The Financial Action Task Force (FATF), the international watchdog monitoring money laundering, terror financing, and other threats to global financial networks, is expected to decide whether to take Pakistan off the ‘grey’ list at the end of its ongoing plenary session in Berlin.
What is the FATF?
- The FATF is an inter-governmental body that sets international standards seeking to prevent international financial crimes that aid terrorism.
- It is a policymaking body that works to generate political will in national jurisdictions for legislative and regulatory reforms in these areas.
- The FATF was established in July 1989 by a G-7 Summit in Paris, initially to examine and develop measures to combat money laundering. After the 9/11 attacks, the FATF in October 2001 expanded its mandate to incorporate efforts to combat terrorist financing, and in April 2012, it added efforts to counter the financing of proliferation of weapons of mass destruction.
- The FATF currently comprises 37 member jurisdictions and two regional organisations (European Commission and Gulf Cooperation Council), representing most major financial centres in all parts of the globe.
- The FATF has developed the FATF Recommendations, or FATF Standards, which ensure a co-ordinated global response to prevent organised crime, corruption and terrorism.
- Over 200 jurisdictions around the world have committed to the FATF Recommendations through the global network of nine FATF-Style Regional Bodies (FSRBs) and FATF memberships.
- India has been a member of the FATF since 2010.
- It is also a member of its regional partners, the Asia Pacific Group (APG) and the Eurasian Group (EAG).
- Pakistan has argued unsuccessfully that India is biased and motivated against it.
What is the grey list, and why is Pakistan on it?
- Grey listing means FATF has placed a country under increased monitoring to check its progress on measures against money laundering and terrorism financing.
- The “grey list” is also known as the “increased monitoring list”.
- As of March 2022, there are 23 countries on the FATF’s increased monitoring list officially referred to as “jurisdictions with strategic deficiencies” that include, apart from Pakistan, Syria, Turkey, Myanmar, Philippines, South Sudan, Uganda, and Yemen.
- To be pulled out of the grey list, a country has to fulfill the tasks recommended by the FATF, for instance, confiscating properties of individuals associated with terrorist groups. If the FATF is satisfied with the progress, it removes the country from the list.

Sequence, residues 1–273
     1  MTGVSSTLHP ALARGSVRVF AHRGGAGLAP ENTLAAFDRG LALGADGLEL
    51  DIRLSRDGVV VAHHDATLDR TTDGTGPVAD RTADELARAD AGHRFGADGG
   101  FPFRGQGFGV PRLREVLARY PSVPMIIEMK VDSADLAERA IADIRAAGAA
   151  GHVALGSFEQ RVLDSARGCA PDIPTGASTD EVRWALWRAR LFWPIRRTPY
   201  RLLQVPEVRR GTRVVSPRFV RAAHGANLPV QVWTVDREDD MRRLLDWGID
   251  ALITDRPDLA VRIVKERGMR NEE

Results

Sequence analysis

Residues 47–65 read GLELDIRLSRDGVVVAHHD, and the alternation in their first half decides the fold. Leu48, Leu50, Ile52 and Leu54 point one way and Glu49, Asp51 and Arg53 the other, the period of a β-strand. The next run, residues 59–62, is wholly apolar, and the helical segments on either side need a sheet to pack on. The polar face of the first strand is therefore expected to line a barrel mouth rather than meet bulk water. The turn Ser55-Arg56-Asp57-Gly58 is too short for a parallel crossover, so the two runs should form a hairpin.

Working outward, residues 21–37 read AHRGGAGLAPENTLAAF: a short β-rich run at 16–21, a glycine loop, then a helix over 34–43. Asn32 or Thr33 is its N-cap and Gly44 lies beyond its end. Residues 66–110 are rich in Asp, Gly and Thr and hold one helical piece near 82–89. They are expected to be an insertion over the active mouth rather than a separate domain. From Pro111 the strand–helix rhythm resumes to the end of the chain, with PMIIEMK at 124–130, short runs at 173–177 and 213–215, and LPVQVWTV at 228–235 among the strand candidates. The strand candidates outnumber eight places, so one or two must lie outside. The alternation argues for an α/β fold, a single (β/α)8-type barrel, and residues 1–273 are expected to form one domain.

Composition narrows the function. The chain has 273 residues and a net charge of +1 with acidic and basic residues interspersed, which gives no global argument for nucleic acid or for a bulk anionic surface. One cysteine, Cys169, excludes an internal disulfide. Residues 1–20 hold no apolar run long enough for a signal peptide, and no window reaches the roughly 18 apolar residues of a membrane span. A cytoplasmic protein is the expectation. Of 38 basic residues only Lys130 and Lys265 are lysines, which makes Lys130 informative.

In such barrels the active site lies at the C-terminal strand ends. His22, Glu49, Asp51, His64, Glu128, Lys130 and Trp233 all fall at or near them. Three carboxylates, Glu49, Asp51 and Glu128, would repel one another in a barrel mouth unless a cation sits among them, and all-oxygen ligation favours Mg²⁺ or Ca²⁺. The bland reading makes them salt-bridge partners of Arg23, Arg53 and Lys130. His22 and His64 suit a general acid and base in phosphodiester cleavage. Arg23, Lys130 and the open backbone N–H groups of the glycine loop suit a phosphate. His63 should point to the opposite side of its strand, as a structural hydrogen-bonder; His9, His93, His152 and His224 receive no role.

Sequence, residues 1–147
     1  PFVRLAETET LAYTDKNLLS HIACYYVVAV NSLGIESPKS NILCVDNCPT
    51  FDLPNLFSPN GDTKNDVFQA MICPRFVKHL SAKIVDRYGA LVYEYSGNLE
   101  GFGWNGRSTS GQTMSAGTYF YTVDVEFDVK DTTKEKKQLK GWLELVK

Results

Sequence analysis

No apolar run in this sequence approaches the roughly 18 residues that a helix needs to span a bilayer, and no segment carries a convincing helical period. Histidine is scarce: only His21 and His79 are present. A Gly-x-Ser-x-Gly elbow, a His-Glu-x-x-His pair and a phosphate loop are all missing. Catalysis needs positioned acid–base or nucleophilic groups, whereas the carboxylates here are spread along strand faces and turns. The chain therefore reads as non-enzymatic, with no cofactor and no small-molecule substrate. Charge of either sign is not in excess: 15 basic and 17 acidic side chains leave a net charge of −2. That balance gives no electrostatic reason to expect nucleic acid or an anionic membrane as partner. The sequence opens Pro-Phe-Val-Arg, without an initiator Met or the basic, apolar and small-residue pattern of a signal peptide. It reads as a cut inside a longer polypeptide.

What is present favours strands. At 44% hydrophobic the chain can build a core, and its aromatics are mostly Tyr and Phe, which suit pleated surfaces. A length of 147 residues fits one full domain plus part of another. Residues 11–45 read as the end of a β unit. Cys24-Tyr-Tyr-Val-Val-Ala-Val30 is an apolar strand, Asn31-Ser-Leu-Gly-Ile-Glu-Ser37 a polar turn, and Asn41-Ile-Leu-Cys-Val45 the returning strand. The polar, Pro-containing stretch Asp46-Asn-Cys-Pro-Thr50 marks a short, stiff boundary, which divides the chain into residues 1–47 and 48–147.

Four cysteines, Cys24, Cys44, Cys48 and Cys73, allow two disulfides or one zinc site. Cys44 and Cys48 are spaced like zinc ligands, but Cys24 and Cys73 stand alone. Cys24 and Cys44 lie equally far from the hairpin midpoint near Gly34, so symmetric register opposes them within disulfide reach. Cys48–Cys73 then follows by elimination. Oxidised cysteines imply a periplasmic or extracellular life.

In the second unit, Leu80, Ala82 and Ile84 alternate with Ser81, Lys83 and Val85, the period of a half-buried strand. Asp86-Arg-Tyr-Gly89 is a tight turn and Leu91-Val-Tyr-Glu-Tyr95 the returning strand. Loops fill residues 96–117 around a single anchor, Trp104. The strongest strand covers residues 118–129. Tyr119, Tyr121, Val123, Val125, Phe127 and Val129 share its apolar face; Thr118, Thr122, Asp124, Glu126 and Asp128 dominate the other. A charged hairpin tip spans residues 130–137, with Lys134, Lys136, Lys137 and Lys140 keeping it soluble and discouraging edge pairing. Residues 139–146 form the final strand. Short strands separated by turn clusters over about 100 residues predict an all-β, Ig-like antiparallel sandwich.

- The FATF most recently took Zimbabwe, and before that Botswana and Mauritius, off the grey list.
How does grey-listing impact a country?
- Pakistan’s grey-listing by the FATF from 2008 to 2019 may have resulted in a cumulative GDP loss of USD 38 billion as per a working paper.
- This is because, although being added to the grey list does not imply any economic sanctions (unlike the black list), it signals to the global financial and banking system about increased risks in transactions with the country in question, according to The Economist Intelligence Unit.
- Also, given that major financial institutions like the IMF and World Bank are affiliated with FATF as observers, a grey-listed country “faces complications in accessing international lending instruments.
About Black List
- Since 2000, FATF has maintained the FATF blacklist (formally called the “Call for action”) and the FATF greylist (formally called the “Other monitored jurisdictions”).
- The blacklist has led financial institutions to shift resources and services away from the listed.
- Currently Iran and North Korea are in the black list.
Visit Abhiyan PEDIA (One of the Most Followed / Recommended) for UPSC Revisions: Click Here
IAS Abhiyan is now on Telegram: Click on the Below link to Join our Channels to stay Updated
IAS Abhiyan Official: Click Here to Join
For UPSC Mains Value Edition (Facts, Quotes, Best Practices, Case Studies): Click Here to Join